Later that afternoon we had soto ayam at the same street. It was served in small bowls, containing rice and pieces of chicken in clear soup. It was complemented with a plate of deep fried chicken innards and boiled quail eggs which have been covered with some herbs and garnishes prior to boiling. 
That night for supper we had another meal consisting of rice, grilled squid, Palembang chicken, and some vegetables. 
The next day we did not eat out; breakfast was at the hotel (because we woke up a little late 😓), and then lunch at the airport. We did get to taste their nasi goreng at the hotel, and gado-gado at the airport.
I found that the portion was small, but it is good. That may be the reason Indonesians on average have better weight compared to their Malaysian or even Singaporean counterparts.

View from inside the bajaj
Food carts in front of the mosque and cathedral.
Soto ayam shop
Nasi padang with its various dishes
Sunday morning between Masjid Istiqlal and Jakarta Cathedral
Jalan H Agus Salim. There is abundance of food, even more at night.
Halte Sarinah

The Fishermen, The Parents and The Orphans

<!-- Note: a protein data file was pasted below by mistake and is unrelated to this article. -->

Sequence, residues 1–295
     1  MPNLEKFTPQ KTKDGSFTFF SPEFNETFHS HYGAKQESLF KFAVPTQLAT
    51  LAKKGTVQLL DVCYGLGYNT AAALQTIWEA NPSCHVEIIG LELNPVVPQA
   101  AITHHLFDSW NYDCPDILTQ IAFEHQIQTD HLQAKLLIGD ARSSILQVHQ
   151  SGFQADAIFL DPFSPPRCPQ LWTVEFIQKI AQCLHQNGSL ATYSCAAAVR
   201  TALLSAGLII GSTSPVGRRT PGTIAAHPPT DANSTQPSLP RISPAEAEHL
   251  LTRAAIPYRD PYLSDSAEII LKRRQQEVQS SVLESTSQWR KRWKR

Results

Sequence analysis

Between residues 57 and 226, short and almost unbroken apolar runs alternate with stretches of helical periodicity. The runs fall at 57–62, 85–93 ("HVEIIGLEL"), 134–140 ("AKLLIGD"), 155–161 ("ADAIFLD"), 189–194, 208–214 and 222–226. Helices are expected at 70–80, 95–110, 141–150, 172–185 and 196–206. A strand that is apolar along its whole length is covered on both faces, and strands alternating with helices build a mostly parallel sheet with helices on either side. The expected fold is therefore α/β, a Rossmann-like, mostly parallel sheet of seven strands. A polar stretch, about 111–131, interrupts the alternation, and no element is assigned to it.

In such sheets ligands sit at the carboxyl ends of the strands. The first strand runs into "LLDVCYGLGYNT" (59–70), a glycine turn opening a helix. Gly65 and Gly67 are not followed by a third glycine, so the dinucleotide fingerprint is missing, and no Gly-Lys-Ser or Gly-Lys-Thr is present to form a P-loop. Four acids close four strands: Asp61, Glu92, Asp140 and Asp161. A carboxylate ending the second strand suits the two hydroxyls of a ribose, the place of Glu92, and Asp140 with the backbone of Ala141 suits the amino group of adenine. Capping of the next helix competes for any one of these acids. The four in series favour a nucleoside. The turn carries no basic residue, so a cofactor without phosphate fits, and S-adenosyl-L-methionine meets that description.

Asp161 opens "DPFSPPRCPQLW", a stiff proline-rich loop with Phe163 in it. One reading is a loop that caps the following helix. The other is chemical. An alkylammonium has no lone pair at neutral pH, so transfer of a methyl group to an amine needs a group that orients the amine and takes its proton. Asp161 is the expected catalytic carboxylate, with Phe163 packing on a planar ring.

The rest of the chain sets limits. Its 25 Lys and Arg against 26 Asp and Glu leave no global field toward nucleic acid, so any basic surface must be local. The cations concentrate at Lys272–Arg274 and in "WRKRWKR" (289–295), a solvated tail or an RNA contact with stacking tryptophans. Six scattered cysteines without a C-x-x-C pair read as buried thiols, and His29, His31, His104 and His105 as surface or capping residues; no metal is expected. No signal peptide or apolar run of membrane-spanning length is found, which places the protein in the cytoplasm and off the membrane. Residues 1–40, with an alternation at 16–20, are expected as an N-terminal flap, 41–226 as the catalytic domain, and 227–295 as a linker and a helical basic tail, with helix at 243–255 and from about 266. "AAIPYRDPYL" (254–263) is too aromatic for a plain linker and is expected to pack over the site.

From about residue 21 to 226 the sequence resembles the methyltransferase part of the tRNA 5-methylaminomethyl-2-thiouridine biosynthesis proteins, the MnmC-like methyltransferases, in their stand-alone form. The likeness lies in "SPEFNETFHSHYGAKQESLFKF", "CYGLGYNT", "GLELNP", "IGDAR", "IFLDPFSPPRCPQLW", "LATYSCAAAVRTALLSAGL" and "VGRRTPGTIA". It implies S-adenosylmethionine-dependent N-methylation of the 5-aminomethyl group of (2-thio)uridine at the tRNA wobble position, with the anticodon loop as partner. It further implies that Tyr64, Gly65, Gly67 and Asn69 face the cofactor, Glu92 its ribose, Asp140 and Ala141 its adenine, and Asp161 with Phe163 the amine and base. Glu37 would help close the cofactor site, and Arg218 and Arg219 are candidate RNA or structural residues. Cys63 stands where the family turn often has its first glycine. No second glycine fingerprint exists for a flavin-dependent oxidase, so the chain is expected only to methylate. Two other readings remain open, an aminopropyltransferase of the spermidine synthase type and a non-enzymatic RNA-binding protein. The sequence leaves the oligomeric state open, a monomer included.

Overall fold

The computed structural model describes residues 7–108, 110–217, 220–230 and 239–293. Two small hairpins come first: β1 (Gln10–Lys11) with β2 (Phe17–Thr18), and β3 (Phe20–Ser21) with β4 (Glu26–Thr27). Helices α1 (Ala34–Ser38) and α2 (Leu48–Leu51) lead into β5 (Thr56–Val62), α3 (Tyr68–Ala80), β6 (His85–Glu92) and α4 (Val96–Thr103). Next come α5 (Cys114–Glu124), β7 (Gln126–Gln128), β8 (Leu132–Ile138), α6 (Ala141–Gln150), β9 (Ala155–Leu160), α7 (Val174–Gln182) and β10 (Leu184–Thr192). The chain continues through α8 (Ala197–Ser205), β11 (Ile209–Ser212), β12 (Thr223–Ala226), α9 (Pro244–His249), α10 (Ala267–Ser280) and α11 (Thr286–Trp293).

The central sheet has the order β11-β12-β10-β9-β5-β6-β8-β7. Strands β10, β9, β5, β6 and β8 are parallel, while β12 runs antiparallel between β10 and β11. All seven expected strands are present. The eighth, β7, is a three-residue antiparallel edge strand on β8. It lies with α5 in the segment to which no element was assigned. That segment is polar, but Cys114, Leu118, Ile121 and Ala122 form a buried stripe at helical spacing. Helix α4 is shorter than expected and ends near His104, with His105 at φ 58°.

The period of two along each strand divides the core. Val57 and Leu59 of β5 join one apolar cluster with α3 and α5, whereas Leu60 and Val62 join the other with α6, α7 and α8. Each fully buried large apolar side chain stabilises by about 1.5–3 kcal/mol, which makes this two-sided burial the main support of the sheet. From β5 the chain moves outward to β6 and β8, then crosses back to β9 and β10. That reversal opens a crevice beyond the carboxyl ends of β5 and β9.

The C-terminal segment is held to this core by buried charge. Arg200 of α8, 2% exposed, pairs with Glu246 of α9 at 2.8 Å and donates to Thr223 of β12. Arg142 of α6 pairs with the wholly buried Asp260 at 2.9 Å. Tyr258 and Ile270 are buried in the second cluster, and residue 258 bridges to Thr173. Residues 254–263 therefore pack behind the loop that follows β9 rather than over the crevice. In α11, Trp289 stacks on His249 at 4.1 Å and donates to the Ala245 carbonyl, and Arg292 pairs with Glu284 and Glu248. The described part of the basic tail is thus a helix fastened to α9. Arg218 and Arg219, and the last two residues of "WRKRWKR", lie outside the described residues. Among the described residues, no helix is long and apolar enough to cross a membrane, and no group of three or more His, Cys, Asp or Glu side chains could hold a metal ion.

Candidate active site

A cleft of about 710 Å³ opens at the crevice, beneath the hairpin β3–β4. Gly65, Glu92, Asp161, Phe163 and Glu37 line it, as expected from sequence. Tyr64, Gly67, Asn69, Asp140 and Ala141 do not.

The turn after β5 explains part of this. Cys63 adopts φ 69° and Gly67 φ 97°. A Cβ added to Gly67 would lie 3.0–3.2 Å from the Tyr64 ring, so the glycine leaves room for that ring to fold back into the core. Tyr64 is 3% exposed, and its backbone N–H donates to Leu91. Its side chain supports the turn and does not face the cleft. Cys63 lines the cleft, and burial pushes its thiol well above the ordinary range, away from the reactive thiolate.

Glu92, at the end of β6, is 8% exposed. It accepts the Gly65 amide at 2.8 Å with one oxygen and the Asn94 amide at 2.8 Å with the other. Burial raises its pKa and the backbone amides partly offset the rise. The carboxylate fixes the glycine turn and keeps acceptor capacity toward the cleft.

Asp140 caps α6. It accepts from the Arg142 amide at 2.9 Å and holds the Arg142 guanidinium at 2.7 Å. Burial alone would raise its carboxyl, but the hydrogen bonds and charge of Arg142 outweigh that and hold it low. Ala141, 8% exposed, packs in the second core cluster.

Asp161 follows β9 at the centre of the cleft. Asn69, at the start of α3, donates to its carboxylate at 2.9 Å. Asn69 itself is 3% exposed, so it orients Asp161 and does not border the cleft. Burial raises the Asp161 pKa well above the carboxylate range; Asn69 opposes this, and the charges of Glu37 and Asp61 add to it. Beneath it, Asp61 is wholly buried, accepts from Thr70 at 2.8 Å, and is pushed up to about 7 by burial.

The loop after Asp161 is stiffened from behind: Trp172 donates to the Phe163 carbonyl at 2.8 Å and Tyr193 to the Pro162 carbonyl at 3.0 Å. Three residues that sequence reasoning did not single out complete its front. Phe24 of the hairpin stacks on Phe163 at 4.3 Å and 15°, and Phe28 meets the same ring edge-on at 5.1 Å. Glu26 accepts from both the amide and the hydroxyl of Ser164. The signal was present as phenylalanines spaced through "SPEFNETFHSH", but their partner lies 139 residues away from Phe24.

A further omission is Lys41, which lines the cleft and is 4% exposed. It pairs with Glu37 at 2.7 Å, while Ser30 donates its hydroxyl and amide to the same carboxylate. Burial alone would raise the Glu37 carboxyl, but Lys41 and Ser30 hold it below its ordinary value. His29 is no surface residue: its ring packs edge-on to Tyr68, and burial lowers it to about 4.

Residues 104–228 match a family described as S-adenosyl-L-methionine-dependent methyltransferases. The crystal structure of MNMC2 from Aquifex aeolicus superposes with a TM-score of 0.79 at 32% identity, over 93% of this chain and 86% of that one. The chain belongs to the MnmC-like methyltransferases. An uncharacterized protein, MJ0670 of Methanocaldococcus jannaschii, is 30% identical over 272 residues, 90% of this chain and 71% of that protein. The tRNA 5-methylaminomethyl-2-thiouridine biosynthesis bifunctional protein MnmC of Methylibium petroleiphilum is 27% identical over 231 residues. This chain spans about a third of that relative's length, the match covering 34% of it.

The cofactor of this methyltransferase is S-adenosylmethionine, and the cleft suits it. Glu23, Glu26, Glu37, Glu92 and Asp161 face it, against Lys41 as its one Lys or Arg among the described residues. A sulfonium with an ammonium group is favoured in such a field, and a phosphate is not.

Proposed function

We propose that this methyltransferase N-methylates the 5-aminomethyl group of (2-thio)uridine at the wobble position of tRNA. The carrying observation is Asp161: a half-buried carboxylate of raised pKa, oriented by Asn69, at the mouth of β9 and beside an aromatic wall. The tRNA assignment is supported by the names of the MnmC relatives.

It is heart-breaking to imagine the fallen faces of those fishermen, when they realized that their boat was holed by the very people they helped. It is even more heart-breaking to imagine the pious parents, hugging the body of their son, who died on the shore of the river.

Or try to imagine the desperation of a widow, who have kids to raise. Her good husband left them some property, but she had no idea where they are. For now they could still survive, but the future is uncertain.
Only to find that…

The fishermen’s boat was the only one in the village that was not confiscated by the king; he was building an armada. Hence they became the only fishermen in the area, and earned so much from that.